A.J. Pollock unexpectedly played a lot of center field in 2013. Credit: Jennifer Stewart-USA TODAY Sports
For the first time since 2006, someone other than Chris Young started Opening Day in center field for the Arizona Diamondbacks. Young was traded in October 2012 for Cliff Pennington to make room for a guy nicknamed “Spanky”. However, Spanky wasn’t the one who took the field on April 1st.
A.J. Pollock: When Spring Training began, the former first round pick was thought of to be an extra outfielder who would be given an occasional start. However, a myriad of injuries to players in the outfield allowed Pollock to get 443 at-bats in 2013. Most of his game action came in center either as a starter or as a late replacement. He hit pretty well on the year with 8 home runs and 38 RBI’s with a line of .269/.322/.409. Early on, Pollock was among the league leaders in doubles; he finished the season with 28. His speed should have been able to generate more than the 12 stolen bases he ended up with for the season.
Adam Eaton: Young was traded because the team felt Spanky was ready to be the every day centerfielder. Unfortunately, an elbow injury prevented Eaton from arriving in Arizona until July 9th. Upon his arrival, he did play in center but also spent some time in left teaming with Pollock to provide speed at the top and the bottom of the lineup. The injury prevented Eaton from really cutting loose and uncorking throws like that one in San Diego two seasons ago. In 250 at-bats, the former 19th round pick hit three homers and drove in 22 runs with a line of .252/.314/.352 and only five steals.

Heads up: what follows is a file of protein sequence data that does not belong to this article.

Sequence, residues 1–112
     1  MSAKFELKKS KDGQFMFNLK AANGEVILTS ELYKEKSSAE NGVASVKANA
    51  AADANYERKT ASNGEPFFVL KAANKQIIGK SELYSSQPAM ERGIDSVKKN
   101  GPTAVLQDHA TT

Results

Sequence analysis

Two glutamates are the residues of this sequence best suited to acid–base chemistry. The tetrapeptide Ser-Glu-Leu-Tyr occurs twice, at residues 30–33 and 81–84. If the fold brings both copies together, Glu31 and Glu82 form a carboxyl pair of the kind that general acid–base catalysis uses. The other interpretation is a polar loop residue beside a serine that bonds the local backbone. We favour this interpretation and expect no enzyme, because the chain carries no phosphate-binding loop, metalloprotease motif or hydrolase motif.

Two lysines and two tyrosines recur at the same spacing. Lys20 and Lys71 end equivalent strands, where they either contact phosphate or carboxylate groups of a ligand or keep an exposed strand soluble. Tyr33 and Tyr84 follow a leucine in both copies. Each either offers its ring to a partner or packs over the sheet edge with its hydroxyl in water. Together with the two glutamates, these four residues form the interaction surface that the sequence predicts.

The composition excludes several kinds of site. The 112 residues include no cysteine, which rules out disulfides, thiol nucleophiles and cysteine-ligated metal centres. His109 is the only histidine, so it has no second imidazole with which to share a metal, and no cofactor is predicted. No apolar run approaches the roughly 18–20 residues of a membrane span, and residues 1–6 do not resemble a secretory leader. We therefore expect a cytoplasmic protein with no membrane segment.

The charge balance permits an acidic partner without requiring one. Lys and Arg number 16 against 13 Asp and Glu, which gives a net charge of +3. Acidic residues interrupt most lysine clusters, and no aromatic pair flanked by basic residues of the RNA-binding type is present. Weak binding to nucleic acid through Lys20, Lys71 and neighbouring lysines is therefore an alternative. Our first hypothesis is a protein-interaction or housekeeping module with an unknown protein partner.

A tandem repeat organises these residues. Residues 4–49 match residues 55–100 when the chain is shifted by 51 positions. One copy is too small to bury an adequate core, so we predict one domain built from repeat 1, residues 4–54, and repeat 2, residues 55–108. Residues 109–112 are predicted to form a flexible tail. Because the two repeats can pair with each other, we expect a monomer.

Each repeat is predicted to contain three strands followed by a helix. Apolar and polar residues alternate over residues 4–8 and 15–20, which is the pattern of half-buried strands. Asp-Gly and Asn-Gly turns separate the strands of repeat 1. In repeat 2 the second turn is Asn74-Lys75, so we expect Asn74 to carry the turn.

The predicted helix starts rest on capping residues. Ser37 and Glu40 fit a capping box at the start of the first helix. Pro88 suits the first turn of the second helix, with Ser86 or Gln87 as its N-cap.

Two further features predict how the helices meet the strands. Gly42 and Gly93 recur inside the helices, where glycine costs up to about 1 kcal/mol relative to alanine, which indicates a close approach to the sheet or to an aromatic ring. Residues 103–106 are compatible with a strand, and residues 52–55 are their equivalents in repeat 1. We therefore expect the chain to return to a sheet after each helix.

Gerardo Parra: He won the Gold Glove in right field but Parra did start 28 games in center and also switched over to the middle during some games after starting in either right or left. We will analyze his season a little bit more when we review the right field spot.
What to expect in 2014: It seems the D’backs want to give Eaton every opportunity to be the guy in center. However, Pollock showed last season that he can handle the job, at least on a part time basis. If Eaton falters, the answer could be to platoon the two of them; it’s only natural since Pollock is a righty and Eaton swings from the left side. Last year was both men’s first extended periods of time in the Major Leagues so while their on base averages were low, they both can get better as they enter their second full seasons. Pollock turns 26 in December while Eaton turns 25 next month as well. It is right about the time one player should ascend past the other. If not, I think the team could live with a platoon and be successful.
Beyond 2014: The D’backs are thin in the outfield at the higher levels of their farm system. No player at any spot cracked the organization’s top 20 prospect list as rated by mlb.com. Whoever plays better between Pollock and Eaton in 2014 could end up patrolling center field in Arizona for the next few years. If neither player distinguishes himself next season, perhaps the D’backs dip their toes into free agency for a long-term solution.